Chicago Cubs are once again fair game for late-night talk show jokes — just like the 1990s – The Mercury News
When Stephen Colbert watched Chicago Cubs first baseman Frank Schwindel pitch in relief during an 18-4 loss to the New York Yankees a few weeks ago, the late-night talk show host was amused by Schwindel’s eephus pitch.
“I’m no baseball player,” Colbert said on “The Late Show.” “And neither apparently is Frank Schwindel.”
Instead of laughing along and enjoying the national shout-out, the usually easy-going Schwindel took umbrage last week when asked about Colbert’s remark.
“I didn’t appreciate that one,” Schwindel said. “I’d like to see him do it.”
That’s something we both can agree on. I’d also like to see Colbert pitch for the Cubs. He couldn’t do much worse than the current bunch, and we already have tired of watching Schwindel pitch at the end of lopsided games.
Colbert made his one and only appearance at Wrigley Field in September 2016, when he threw out a ceremonial first pitch disguised as a hot dog vendor named Donny Franks. It became a hilarious segment of Colbert’s show a few weeks later.
While listening to Colbert talk in the Cubs dugout that afternoon about the many neighborhoods he lived in during his Northwestern and Second City days, you could tell he really enjoyed being on the field. He professed a love for Wrigley Field and recalled going to games to watch some bad Cubs teams in the 1990s.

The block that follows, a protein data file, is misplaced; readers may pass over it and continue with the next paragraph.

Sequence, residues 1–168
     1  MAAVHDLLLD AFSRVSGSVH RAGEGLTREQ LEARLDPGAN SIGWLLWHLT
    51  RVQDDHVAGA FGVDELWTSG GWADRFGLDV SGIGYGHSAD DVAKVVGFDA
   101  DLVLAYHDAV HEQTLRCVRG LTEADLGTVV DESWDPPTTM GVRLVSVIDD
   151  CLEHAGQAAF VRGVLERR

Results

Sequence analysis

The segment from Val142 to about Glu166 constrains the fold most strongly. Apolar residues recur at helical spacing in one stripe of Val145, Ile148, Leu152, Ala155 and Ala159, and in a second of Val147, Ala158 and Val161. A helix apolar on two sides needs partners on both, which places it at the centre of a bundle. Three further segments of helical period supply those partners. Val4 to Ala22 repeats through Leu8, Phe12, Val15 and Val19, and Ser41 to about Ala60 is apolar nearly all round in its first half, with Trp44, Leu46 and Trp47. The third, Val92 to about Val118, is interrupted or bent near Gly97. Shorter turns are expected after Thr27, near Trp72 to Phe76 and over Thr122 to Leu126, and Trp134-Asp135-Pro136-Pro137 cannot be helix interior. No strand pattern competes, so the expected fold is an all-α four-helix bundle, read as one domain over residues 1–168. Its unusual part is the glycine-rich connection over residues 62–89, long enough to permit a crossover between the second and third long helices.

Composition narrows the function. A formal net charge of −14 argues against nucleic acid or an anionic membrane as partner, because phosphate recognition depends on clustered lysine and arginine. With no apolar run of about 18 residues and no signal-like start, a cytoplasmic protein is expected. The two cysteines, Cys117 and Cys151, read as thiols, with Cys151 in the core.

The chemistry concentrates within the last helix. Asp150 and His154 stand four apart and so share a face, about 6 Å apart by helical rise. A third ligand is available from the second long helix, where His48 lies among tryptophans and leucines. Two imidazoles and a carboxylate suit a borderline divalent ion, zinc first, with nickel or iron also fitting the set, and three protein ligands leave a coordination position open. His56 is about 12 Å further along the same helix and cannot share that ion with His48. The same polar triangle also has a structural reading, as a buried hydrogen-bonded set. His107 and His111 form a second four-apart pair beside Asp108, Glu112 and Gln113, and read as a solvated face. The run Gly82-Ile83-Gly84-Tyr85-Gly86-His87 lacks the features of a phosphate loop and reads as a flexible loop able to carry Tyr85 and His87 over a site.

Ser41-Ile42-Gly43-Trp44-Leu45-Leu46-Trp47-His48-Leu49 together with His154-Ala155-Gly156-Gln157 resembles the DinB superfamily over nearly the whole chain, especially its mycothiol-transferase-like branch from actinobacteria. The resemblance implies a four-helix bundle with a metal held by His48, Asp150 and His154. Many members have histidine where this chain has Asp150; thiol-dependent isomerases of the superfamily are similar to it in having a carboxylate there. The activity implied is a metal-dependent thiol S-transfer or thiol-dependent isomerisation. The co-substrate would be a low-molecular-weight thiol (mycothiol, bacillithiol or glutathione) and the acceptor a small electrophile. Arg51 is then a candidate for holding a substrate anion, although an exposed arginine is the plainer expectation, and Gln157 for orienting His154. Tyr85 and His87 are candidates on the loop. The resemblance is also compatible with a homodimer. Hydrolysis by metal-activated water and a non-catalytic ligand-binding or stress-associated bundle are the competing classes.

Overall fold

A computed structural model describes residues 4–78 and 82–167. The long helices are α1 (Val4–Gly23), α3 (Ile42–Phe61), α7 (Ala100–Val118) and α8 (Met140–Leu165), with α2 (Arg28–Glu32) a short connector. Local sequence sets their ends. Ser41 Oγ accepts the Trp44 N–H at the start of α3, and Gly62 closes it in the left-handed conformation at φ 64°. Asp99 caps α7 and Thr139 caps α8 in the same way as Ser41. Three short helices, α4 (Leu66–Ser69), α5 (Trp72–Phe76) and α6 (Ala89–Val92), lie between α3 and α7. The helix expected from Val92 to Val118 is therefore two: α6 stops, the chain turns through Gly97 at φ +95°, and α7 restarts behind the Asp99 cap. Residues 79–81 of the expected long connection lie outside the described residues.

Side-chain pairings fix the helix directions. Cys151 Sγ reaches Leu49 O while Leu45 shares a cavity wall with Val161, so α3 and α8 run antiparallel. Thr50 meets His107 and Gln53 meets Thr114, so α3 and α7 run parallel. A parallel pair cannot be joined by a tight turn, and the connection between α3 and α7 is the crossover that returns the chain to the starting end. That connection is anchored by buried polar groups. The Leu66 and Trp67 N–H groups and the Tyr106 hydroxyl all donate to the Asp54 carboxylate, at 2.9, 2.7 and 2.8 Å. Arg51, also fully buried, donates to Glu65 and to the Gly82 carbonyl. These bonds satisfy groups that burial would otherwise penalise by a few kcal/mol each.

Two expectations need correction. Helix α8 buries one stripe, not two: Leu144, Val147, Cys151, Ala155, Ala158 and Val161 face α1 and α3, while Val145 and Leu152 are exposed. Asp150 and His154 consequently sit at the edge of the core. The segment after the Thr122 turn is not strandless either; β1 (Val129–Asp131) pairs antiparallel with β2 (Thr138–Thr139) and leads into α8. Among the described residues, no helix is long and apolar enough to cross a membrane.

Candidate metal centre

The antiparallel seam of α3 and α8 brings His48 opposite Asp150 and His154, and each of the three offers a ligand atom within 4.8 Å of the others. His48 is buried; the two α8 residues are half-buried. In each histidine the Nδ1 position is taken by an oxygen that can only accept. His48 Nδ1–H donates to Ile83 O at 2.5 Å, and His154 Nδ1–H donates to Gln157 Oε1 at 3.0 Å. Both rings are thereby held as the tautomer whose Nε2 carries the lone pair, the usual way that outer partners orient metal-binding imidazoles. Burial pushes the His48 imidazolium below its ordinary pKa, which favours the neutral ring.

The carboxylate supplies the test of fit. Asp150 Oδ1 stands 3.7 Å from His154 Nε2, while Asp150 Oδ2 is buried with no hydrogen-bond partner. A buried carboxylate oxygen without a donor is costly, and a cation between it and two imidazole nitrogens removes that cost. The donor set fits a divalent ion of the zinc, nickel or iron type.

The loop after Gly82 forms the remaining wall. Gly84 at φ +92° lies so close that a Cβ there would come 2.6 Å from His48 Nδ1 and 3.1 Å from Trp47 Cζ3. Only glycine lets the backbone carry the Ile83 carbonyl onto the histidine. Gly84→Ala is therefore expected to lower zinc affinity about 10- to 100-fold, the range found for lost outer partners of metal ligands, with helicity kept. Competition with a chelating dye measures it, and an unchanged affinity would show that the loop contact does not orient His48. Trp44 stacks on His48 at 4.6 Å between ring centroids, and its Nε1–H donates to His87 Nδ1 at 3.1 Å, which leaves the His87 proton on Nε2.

Inviting Colbert back to Wrigley for a pitch-off with Schwindel would seem like a no-brainer for the Cubs marketing department and its trusty sidekick, the Marquee Sports Network. A Colbert-Schwindel matchup not only would give fans something to look forward to during this lost season, but also might help them cope with the Cubs’ plight.
We all could use a few laughs these days.
The current Cubs probably are too young to realize the team once was a staple of late-night talk show jokes. It made sense based on the organization’s long history of sucking. During a season-opening 14-game losing streak in 1997, manager Jim Riggleman addressed some of the shots Jay Leno and David Letterman took at the Cubs on their late-night talk shows.
“No one likes to be the brunt of jokes, the Jay Leno stuff,” Riggleman said. “I haven’t seen it, but I heard about it. But this is the situation we put ourselves in.”
Of course, the abuse was merited, even if it was not appreciated.
“I’ve never had time for sarcasm,” Riggleman said. “It’s a cheap laugh. It’s very easy for people to use sarcasm. A lot of people use it … it’s their shtick. There will always be a market for it, but that doesn’t mean I have to like it.”
Years later, Cubs manager Joe Maddon used sarcasm to great effect with his “Try Not to Suck” slogan in 2016. But not everyone can laugh at themselves the way Maddon did.
Talk show hosts changed over the years, and so did the Cubs, who finally ended their championship drought under Maddon in 2016. The Cubs might have thought late-night jokes at their expense were history after the historic World Series win, especially after Anthony Rizzo, David Ross and Dexter Fowler portrayed male strippers on “Saturday Night Live.” Instead of being the punchline, a trio of Cubs gladly twerked on late-night TV for laughs.